Rum review: Ron Zacapa Centenario 23

Rum, Rhum, Ron. Talk about your favorite sugarcane spirits in this rum forum.

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Capn Jimbo
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Tue Dec 30, 2008 10:16 pm

Would you agree that the terminology should be defined & improved for clarity's sake, and that certain terms such as cane honey should be dropped? I am also curious to know what you feel about my comment regarding how it seems at least to me that many "official" rum writers do not seem to really properly research their stuff, and accept things often at face value (simply printing the same stuff that is seen in different companies' marketing broschures in their own books also) without further consideration or investigation?
I don't know if "cane honey" should be dropped, but it sure needs to be defined insofar as to how the "honey" is produced, in detail, by the company or author using it. In the world of sugar/rum making the terms syrup, juice, et al mean different things at different times. For example there are probably eight different versions of the term "juice".

"Molasses" is much more defined, and is widely accepted to mean the mother liquor after sucrose/sugar crystals have been removed. Thus, "molasses" always is one of the byproducts of sugar production and removal. If sugar is not captured and removed, it is not molasses. The terms "first", "second" and third "boil" (or "strike") are also well established and result in grades A, B and C (blackstrap) molasses. Food grade molasses is usually a "first boil" product. And all molasses must be processed for purposes of shipment, storage and shelf life.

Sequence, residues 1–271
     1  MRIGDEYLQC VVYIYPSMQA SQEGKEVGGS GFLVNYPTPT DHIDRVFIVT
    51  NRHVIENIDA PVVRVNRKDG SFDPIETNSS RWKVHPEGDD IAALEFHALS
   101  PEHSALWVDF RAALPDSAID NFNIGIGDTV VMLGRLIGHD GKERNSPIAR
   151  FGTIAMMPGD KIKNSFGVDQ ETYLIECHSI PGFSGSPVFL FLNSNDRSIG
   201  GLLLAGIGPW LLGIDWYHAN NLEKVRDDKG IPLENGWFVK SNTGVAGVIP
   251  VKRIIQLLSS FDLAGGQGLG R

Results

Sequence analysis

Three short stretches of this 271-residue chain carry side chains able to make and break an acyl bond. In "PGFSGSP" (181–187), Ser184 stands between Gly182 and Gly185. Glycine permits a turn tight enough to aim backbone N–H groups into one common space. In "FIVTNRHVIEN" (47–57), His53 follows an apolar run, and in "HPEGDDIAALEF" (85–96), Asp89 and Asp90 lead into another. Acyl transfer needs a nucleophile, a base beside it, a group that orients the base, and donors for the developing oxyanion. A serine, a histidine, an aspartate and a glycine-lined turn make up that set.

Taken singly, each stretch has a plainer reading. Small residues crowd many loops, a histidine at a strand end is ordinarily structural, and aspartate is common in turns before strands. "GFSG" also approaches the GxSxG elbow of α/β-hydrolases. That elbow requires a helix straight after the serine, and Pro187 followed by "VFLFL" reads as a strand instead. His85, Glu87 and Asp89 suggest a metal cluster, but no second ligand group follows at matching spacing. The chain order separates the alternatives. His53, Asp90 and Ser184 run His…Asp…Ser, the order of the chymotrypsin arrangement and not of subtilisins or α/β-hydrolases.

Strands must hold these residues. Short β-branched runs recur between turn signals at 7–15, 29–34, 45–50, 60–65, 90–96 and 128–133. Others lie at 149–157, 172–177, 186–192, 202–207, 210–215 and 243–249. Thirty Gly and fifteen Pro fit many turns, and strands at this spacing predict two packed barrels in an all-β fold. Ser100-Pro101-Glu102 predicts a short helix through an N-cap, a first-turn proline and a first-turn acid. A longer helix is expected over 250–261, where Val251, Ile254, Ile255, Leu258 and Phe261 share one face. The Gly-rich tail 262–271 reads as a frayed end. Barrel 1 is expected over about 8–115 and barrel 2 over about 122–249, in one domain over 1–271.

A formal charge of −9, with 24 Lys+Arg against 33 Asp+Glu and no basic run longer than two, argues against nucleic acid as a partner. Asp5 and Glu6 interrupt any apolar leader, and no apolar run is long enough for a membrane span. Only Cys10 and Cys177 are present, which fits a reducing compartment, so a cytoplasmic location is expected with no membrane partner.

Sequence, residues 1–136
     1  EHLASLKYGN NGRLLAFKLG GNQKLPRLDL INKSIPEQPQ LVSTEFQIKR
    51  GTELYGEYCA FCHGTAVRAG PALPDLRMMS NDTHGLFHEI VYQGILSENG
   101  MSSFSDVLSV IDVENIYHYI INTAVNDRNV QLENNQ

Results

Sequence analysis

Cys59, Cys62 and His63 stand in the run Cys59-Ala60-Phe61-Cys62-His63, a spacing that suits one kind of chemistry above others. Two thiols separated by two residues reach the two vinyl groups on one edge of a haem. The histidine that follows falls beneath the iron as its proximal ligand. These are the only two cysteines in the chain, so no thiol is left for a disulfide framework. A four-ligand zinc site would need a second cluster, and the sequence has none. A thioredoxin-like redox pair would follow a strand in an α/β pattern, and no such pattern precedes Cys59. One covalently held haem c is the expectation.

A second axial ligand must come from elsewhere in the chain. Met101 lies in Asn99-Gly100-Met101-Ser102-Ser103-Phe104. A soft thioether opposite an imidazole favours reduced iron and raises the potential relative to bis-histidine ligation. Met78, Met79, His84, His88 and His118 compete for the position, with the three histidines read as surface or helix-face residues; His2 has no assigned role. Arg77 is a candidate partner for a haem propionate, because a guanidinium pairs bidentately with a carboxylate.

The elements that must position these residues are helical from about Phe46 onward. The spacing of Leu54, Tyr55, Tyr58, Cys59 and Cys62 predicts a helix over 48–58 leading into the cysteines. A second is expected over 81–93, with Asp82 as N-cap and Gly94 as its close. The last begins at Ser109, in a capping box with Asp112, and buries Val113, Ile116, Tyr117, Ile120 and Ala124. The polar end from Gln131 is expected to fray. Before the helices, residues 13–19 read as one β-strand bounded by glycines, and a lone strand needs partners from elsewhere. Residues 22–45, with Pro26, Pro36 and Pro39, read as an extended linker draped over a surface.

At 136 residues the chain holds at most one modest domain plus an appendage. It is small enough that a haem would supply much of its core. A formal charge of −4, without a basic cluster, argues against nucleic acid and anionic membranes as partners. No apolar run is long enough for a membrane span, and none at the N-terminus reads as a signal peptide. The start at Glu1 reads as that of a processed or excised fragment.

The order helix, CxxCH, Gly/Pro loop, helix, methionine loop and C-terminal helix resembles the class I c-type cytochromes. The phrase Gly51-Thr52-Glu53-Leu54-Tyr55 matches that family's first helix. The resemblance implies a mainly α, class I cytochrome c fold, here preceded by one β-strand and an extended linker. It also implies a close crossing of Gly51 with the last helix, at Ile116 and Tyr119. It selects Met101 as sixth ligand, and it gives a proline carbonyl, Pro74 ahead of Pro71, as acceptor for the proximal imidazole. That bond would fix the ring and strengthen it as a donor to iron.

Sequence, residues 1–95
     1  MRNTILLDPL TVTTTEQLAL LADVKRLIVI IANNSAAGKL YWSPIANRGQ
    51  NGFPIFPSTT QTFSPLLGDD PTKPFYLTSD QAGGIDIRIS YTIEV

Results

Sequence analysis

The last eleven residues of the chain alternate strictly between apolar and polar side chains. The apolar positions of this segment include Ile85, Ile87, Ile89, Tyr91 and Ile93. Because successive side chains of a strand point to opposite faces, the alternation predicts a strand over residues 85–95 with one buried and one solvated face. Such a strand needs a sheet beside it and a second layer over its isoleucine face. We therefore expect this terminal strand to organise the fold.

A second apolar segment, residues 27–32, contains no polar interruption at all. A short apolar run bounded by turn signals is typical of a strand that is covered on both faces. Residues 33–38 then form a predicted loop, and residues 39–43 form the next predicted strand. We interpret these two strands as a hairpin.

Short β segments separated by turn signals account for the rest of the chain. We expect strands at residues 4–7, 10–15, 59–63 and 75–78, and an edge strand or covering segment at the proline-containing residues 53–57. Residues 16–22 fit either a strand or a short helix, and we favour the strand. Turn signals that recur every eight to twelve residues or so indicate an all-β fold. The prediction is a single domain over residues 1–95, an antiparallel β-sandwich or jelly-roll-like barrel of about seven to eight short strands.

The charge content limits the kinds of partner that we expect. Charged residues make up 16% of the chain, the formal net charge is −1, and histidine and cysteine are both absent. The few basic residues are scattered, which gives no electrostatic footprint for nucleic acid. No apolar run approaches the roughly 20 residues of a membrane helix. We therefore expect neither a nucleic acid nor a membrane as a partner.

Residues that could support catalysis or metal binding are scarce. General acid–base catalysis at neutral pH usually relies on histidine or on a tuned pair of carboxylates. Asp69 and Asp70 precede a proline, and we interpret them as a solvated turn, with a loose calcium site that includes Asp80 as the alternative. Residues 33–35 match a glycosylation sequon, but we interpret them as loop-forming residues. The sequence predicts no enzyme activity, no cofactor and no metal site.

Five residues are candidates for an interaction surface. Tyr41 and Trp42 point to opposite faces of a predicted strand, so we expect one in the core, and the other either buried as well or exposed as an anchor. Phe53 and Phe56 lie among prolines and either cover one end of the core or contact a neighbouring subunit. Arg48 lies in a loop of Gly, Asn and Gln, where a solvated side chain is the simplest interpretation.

And I agree too that way too many writers and websites, including the best known one, tend to simply cut and paste and use these terms far too loosely. I am particularly perturbed over one particular use of "syrup" (referring to semi-syrups used by several producers of cane juice rums) with the apparent purpose of denigrating those products as somehow different or inferior to the use of "fresh cane juice".

But this is another subject....
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Capn Jimbo
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JaRiMi
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Sun Jan 04, 2009 2:21 pm

Capn Jimbo wrote: "Molasses" is much more defined, and is widely accepted to mean the mother liquor after sucrose/sugar crystals have been removed. Thus, "molasses" always is one of the byproducts of sugar production and removal.
Yes, but the process starts remarkably similar way as already noted. I wonder if you actually read all the quotes and links I provided - and you never did give the sources for your quoted information? I would still be curious to see the sources, if you don't mind please.
If sugar is not captured and removed, it is not molasses.
Well even the concentrated syrups and juices as seen from the information quoted & linked in my comments vary significantly in way they are produced, and also in their sucrose content (surprise surprise), however going back and forth in this manner leads no further - the truth is out there for all to investigate on their own. As a manufacturer, I can also choose to call my product how I like, and without seeing the production facilities and methods used it seems also pointless to wollow about this in internet discussions any more.
The terms "first", "second" and third "boil" (or "strike") are also well established and result in grades A, B and C (blackstrap) molasses. Food grade molasses is usually a "first boil" product. And all molasses must be processed for purposes of shipment, storage and shelf life.
As you state, food grade molasses can be different from "1st boil" - and also I do maintain that sugar (and cany juice, syrup and molasses) production varies between different plants in different countries, depending on how modern equipment they use, country's set standards etc. The basic idea is of course the very same, but I do think if we visited a number of factories and estates located from USA to Cuba to Trinidad to Venezuela, we would find differences in what they do, how they classify things etc.

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